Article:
An algorithm for space allocation:
- When a container gets full, reallocate with twice as much space as last time.
It sounds like it will be too greedy to work out. In practice, it's usually a good space/time tradeoff.
This scheme of doubling memory is denoted as x2
- Q/. Does this copy memory a lot of times?
- A/. For SufficientlyLarge values of N, the algorithm allocates and copies 2N copies of the data. Thus in big O notation the algorithm is O(N).
- Q/. What about other values other than x2 allocation?
- A/. All multiplicative schemes x1.5 x1e99 x1.001 are all in big O notation, k O(N).
See basic Mathematics text for 'sum of geometric series'. Note how this demonstrates the lie of big O analysis. Big O notation ignores all 'k' values, but for the x1.001 algorithm the 'k' is likely to actually be the only important part for many practical values of N.
- Q/. So why x2 and not x3 or x1.5?
- A/. x2 has been found to work for many people and many problems :) (It's fashionable, and easy to compute, and computer folk have a fetish for powers of two)
- A2. For any memory reuse, the GoldenRatio is the best growth factor if there is no memory allocated for bookeeping purposes - if there is then a smaller growth factor (i.e. x1.5) is better. There are some long discussions on what is the best growth factor here: http://tinyurl.com/6awz7 -- JamesKeogh
A more controversial but accurate statement and analysis.
- Q/. are there other enhancements ?
- A/. For vector <T *> A; Don't start at N=1 the allocator will probably frequently give you 12-16 bytes of RAM any away. The time taken to double memory when N is small is represented by k + O(N) where O(N) << k and thus the O(N) may be ignored!!!! Ignoring that term results in O(ln(N)) for the whole doubling sequence of the algorithm and more generally O(ln(N/S)) where S is the value of the initial allocation size.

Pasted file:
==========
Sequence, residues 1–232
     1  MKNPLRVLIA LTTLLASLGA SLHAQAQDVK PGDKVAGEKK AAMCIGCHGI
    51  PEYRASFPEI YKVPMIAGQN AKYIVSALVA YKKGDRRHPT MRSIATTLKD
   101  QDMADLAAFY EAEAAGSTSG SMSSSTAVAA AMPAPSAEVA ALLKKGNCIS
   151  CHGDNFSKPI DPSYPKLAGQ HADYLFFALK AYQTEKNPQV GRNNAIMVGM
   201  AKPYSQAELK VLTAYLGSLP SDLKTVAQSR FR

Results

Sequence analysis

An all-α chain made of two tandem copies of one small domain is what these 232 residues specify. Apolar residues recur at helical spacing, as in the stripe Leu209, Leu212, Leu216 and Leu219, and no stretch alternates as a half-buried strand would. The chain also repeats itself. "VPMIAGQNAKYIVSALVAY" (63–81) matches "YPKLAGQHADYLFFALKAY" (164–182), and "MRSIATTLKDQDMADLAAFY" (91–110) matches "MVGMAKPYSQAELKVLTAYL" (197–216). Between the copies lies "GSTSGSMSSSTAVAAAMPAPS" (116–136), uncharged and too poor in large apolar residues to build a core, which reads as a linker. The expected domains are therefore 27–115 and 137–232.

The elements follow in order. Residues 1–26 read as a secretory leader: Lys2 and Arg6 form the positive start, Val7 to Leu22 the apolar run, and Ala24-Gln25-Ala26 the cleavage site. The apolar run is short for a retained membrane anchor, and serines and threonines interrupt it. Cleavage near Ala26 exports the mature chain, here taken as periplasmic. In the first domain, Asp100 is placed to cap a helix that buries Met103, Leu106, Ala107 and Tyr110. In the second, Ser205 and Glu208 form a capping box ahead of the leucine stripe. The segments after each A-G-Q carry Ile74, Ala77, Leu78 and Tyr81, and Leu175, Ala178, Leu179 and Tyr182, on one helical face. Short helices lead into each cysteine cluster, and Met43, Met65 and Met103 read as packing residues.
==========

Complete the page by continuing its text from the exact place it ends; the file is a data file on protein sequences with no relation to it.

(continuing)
Lack of uses:
- The doubling is mathematically sound.
- Other versions using Multipliers sufficiently near 2 are also mathematically and practically sound.
- 2 is fashionable. Make measurements to prove a different value is 'better' in your case.
- All the following really nifty people use two too.
- Java's ArrayList also seems to use the GoldenRatio algorithm. It multiplies by 3/2 (or half-again after full).
I am not Knuth, but I don't think anyone else authoring this page is either:
- Doubling (x2) for SufficientlyLarge N results in, on average, 2N allocations and copies. 1 + 1/2 + 1/4 + 1/8 + ... On average, it uses 50% more memory than is needed and can never reuse its own deallocated memory. This is ONE cost benefit trade off.
- Java's alg (x1.5) for SufficientlyLarge N results in, on average, 3N allocations and copies. 1 + 2/3 + 4/9 + ... On average, it uses <25% more memory than is needed, but can reuse deallocated memory after growing a few times. This is another ONE cost benefit trade off.
In general, if when you run out of space you allocate k
as much again, then (in the limit of large N
- each item of data gets allocated/copied about k/(k-1) times;
- you use, on average, (k-1)/log(k) times as much memory as the theoretical minimum. (That's the natural logarithm, not log to base 10 or base 2.)
We can redline the bogosity meter and claim that the best overall efficiency comes when the product of these two inefficiency factors is as small as possible; that means you're minimizing k
), which happens when k
(In reality, you should take little notice of this sort of
analysis. Try some different schemes and measure.) False. This type of analysis is as (not more) important as experimenting. Anyone who does (or is only capable of) only one of the two is doomed to mediocrity.
Suppose your data structures can shrink as well as grow.
You might think that you should double your allocation when
you fill up, and halve your allocation when you can. That's
a bad idea, because if the size happens to wobble around near
the boundary you'll spend all your time growing and shrinking.
So you should build in some hysteresis: grow and shrink by a
factor of k
, but don't shrink until you're too large by
a factor of k1
, where k1
Example: Double when full, halve when one quarter full.